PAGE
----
There are few things I love more than Christian essays and cozy home-books. When I spotted this book, the title and adorable essay titles in the Table of Contents drew me in right away, even though Nancy Wilson and her bear-trap ideas of womanhood generally have me making tracks real fast. This looked cozy, adorable, and of course challenging too, all in one book! Yet, I forced myself to do what I dreaded: looking into the book to make sure there weren't any points that I just couldn't endure. Unfortunetly, there were; a lot more than I feared.

First, though, I'm going to discuss the good parts. Once I decided to ignore the offensive chapters, I allowed myself to appreciate all the many gems of wisdom. Aside from certain limitations Wilson puts on gender, she can be a woman of wonderful groundedness and sense. This book's good parts lie in the family stories and the Christian advice and uplifting words for women. Wilson put together an awesome, warm package of wisdom, experience, and reflections from the past, all of which were wonderfully written. These gems, in the end, are what made the book irresistible to me and convinced me to buy it. The book would have been perfect, if Nancy hadn't allowed the typical Wilson patriarchal tone to occasionally seep in. As for that..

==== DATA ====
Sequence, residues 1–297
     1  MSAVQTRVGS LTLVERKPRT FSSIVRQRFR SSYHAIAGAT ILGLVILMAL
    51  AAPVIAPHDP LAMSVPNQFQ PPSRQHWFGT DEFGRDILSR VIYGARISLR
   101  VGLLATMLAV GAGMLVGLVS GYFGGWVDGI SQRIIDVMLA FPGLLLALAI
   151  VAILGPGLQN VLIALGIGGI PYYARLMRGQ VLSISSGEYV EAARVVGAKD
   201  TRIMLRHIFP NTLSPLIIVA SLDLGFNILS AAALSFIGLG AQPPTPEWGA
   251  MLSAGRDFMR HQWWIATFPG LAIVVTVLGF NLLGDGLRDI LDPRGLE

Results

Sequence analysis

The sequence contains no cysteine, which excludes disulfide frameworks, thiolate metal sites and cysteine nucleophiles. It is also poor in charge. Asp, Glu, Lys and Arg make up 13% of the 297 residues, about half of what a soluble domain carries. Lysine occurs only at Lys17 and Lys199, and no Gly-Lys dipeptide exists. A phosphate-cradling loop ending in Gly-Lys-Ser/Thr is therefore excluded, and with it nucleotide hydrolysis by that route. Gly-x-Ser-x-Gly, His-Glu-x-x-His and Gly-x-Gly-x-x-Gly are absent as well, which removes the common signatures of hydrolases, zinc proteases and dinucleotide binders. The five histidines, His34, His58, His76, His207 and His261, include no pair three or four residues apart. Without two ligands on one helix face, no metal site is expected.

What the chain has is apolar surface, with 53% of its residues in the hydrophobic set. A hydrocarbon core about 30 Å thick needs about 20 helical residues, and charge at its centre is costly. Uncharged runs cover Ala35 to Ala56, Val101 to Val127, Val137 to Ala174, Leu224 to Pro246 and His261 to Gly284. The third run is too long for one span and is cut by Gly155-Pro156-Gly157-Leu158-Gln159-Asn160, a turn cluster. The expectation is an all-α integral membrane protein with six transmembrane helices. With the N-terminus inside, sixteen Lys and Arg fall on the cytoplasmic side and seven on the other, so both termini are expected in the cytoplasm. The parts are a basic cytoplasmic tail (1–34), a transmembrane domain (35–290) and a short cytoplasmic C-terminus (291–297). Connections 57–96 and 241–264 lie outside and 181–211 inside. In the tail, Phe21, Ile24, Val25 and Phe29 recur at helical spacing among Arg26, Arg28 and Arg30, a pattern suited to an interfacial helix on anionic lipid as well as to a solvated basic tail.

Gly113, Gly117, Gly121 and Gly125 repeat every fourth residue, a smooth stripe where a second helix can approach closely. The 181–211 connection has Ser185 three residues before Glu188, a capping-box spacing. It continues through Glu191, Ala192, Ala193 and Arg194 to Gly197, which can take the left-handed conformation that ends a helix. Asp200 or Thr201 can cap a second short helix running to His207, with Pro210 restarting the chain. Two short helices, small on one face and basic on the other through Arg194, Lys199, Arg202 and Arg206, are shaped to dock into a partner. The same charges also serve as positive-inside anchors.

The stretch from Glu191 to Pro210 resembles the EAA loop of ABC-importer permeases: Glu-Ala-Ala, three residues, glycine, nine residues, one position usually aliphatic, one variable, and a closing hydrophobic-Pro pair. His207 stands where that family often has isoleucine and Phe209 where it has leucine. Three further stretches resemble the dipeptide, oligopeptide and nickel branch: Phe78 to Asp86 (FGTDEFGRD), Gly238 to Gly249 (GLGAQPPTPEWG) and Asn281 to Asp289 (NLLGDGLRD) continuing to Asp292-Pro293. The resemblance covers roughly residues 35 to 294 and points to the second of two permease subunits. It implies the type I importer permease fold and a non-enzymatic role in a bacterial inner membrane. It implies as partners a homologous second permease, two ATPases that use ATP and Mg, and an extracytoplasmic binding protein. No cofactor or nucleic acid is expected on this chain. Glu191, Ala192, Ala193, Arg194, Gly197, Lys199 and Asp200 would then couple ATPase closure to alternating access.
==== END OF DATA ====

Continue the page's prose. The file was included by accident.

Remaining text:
Generally with women like Wilson, it's the issue of submission (or in her case, obedience) in a marriage that I detest most of all. Of course, there was plenty of that here; in the section on marriage, she tried to feed the reader her usual dose of choking and stifling "obey your man" poison. In this case, though, it was primarily her "Little House on the Prairie" ideas of girlhood that made me want to throw something.